Heritage homes of Moscow

The House of architect Kuznetsov. Source: Lori/Legion media

The House of architect Kuznetsov. Source: Lori/Legion media

Every fourth person in the Russian capital claims to be a native Muscovite, and every one in three has lived in one place for over thirty years, making the expression “ancestral home” appear an absolute archaism. Over the past century, the houses of Moscow have become multiplexed, depopulated, sold and demolished. Nevertheless, some old "family nests" can still be found in Moscow. Interestingly, they were built by neither noblemen nor merchants.

The House of architect Kuznetsov

Exactly one hundred years ago, at the turn of the Silver Age, in Mansurovsky Lane in the heart of Moscow, architect Alexander Kuznetsov built himself a mansion with an  entrance gate, complete with the sun, the small gate and the porch, and semicircular knee-high columns.

Inside are a Dutch stove, a study on the mezzanine, stained glass and tiles. The architect lived here with his wife, son and daughter. In spring the ice-breaker brought ice for the cellar from the Moskva River. The house owner received guests: the famous Russian modernist architect Fyodor Shekhtel, and constructivist architect Konstantin Melnikov.

After the revolution, Kuznetsov was found building a factory on the outskirts of the Soviet Union, and was jailed for it, because the roof was flat and an enemy plane could supposedly land on it. In jail, he conceived the Palace of Soviets.

Stalin, Khrushchev, Brezhnev died. Eras changed one after another; Gorbachev's perestroika passed, the Soviet Union collapsed, the area became renowned as the "golden mile" because of the high cost per square metre in the area, and became populated with famous new inhabitants.

As for the house with a small gate, Kuznetsov's grandson and his family still live there. The same grapes grow on the wall and the same fired stove functions. The Kuznetsovs have no intention of moving out. "Family nests should not be sold," they say.

The House of sculptor Vera Mukhina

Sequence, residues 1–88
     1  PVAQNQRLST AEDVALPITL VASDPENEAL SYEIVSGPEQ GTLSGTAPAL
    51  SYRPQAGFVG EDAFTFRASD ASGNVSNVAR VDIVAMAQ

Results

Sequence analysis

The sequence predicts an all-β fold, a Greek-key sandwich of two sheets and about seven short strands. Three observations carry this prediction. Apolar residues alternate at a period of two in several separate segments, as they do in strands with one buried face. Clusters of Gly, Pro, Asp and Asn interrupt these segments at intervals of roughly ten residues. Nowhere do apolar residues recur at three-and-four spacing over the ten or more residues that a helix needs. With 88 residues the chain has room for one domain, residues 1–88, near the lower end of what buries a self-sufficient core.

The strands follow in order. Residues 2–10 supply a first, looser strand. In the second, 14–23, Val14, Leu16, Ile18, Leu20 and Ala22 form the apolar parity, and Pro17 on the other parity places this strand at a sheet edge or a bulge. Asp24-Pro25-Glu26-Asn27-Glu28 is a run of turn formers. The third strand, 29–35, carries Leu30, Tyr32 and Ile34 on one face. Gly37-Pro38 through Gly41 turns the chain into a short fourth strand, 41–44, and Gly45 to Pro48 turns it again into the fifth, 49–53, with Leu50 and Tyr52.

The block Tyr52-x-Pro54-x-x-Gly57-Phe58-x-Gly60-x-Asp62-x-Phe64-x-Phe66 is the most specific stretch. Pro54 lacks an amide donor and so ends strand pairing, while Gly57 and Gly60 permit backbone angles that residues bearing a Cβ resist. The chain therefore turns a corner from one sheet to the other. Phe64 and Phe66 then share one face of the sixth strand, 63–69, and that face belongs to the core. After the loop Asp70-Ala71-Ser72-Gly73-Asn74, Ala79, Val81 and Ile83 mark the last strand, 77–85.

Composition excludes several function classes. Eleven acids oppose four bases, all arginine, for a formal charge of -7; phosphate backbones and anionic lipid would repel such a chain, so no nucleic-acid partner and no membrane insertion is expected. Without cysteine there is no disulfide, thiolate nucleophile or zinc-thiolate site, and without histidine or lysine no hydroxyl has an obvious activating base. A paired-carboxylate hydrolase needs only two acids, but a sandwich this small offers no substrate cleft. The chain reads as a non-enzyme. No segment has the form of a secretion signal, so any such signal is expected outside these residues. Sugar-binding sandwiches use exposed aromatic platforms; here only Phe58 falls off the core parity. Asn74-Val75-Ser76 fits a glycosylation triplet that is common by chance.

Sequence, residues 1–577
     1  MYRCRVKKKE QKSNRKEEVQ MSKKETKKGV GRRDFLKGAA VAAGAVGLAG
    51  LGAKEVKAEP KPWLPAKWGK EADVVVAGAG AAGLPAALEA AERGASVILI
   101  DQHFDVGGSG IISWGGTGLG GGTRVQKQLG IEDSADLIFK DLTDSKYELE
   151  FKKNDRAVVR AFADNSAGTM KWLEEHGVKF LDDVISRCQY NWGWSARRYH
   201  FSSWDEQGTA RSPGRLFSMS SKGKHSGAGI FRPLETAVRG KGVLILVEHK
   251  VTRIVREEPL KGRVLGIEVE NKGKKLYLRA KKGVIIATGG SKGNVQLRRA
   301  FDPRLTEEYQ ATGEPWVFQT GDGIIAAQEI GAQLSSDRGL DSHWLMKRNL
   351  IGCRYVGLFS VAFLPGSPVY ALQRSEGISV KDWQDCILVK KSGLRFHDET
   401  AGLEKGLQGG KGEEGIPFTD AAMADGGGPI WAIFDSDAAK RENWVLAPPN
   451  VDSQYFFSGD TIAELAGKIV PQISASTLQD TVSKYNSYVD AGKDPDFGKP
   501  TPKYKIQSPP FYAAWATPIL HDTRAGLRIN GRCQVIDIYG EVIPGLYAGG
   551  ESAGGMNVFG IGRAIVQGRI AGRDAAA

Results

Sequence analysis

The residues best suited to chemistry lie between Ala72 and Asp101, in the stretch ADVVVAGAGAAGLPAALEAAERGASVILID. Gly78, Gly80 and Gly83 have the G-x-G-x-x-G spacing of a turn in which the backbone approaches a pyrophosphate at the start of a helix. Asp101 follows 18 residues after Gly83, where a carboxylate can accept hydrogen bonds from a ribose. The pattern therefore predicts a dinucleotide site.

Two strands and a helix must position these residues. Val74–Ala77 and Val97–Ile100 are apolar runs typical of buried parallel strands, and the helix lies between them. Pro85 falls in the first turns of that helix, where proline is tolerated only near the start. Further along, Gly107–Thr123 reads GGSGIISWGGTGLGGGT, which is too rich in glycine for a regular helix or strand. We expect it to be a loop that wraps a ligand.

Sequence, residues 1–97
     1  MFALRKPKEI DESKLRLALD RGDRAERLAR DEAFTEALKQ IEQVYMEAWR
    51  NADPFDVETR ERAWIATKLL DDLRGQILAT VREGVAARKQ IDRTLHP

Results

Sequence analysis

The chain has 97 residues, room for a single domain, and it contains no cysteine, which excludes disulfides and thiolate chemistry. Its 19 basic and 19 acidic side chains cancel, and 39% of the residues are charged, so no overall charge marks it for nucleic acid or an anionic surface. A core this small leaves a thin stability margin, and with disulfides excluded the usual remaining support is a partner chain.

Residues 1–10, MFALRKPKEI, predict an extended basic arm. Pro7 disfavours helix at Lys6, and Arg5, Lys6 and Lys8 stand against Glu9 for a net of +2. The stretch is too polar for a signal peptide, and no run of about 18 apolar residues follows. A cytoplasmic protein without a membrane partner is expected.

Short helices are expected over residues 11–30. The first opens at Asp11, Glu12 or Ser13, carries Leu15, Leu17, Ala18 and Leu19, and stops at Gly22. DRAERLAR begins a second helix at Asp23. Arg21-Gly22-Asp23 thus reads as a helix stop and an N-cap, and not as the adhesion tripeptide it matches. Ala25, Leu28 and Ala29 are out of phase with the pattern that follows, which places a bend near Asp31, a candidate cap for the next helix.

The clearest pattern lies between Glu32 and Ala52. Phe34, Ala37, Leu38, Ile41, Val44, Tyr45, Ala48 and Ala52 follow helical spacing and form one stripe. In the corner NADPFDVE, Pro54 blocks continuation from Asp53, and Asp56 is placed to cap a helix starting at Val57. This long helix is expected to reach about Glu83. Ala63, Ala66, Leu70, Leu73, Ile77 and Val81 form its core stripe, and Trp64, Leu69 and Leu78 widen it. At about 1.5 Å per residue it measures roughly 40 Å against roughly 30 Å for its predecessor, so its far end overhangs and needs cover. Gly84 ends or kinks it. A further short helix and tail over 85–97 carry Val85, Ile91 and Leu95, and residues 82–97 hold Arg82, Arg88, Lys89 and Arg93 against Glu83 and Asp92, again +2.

Source: Evgenia Petrova/RIA Novosti

Nearby, in Prechistensky alley, one can see a structure which would perhaps fit better in Timiryazevskaya, where the Agricultural Academy is located; because of the glass roof, it looks more like a greenhouse. This is the home-workshop of Vera Mukhina, who created the iconic sculpture, "Worker and Collective Farm Girl." She is believed to have designed the building herself in 1947, together with the ideologue of the Stalinist empire, style architect Zholtovsky. If Vera attended the elegant balls before the revolution, by 60, she was an officially recognized ‘living classic’.

Mukhina spent her last six years in the house on Prechistenka. There she created the sketches for the famous memorials to Gorky and Tchaikovsky; referred to as "poster in sculpture" and "We demand peace."

Ivy is winding up the yellow walls of the house, just like 70 years ago. Each summer, the apple tree Mukhina planted yields fruit. In front of the porch, the laundry of the current owners is drying on the clothesline. Now Vera Mukhina's granddaughter and  her husband and son live here. They say nobody has ever tried to evict them or turn the house into a museum. Fortunately for Mukhina's descendants, her sculptures seem to cause more interest than her house.

The House of architect Melnikov

Source: Legion Media

Another “family nest” has a more dramatic story behind it. The famous house of constructivist Konstantin Melnikov, an avant-garde masterpiece, the "bee hive" was the talk of the town for over a year. For decades, it was hidden from prying eyes  in Krivoarbatsky Lane, with the architect's granddaughter Yekaterina Karinskaya living there.

In front of people ‘fortunate’ enough to be received by her at home, an incredible sight unfolded. An old wooden fence opened into a dark courtyard, a cracked porch, wooden flooring and dirty windows. The hallway, famously described in textbooks on architecture, was full of different junk-like stuff from garden wheelbarrows to worn galoshes. Children played on the antique couch while the 1920s vintage rug was being cleaned with a wet vacuum cleaner.

For decades, Yekaterina and her sister Elena have been at odds with their father, Konstantin Melnikov's son, the painter Victor Melnikov. They then began to quarrel with each other over who owned the house and what could be done with it. Numerous lawsuits were filed to decide the fate of the house.

In his will Victor Melnikov stated that the house would remain at the disposal of the state on condition that a memorial museum was built honouring his father. The museum would also contain the complete furnishing and archives of his famous ancestor. The museum was established in February 2014, at the initiative of the State Museum of Architecture.

The main exhibition at the museum, dedicated to the life and work of Konstantin and Victor Melnikov, will however not be located in the famous house, but nearby, on Vozdvizhenka street. The opening of the permanent exhibition is scheduled for 2016.

The family homestead did become a museum.

First published in Russian in Gazeta.ru.

All rights reserved by Rossiyskaya Gazeta.

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